12 Angry Men is a courtroom drama unlike any other. Except for the opening and closing, it takes place entirely within a single room, with no other characters other than the 12 jurors. This would make for a pretty boring movie otherwise, but 12 Angry Men is not boring in the least. It is consistently watchable through multiple viewings, one of the best compliments I can give a good film, and is extremely well made to boot.
A perfect character study with a sublime script makes this film a brilliant exercise in dialogue-driven drama. Many of the directing decisions by Sidney Lumet are well-known now thanks to the popularity of the film; mostly the way the camera slowly drops lower and lower and zooms in closer and closer as the film goes on, all to create an extreme claustrophobia. Each member of the cast plays their part to perfection, and each man is a solidly built character. Henry Fonda delivers an impeccably forthright performance as the one standout juror obstinate from the rest of the guilty voters, as does Lee J. Cobb as the main juror antagonistic to Fonda’s character.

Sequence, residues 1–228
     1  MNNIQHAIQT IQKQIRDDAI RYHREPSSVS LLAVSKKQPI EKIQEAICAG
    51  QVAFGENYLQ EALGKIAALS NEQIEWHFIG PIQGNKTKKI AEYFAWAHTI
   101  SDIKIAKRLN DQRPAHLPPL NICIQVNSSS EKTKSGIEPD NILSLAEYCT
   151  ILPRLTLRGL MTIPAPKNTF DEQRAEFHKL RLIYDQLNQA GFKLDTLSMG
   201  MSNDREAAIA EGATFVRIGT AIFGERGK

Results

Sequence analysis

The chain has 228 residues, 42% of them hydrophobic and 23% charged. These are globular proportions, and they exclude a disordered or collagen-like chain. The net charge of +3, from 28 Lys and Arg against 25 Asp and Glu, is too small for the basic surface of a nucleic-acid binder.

Really, if you’re a film lover of any sort, you’ll have seen this film just to not be ridiculed by your fellow film fans. And if not, seriously, what are you waiting for? This is absolutely essential cinema, and is always worth a refreshing repeat viewing every once in a while.
Arbitrary Rating: 10/10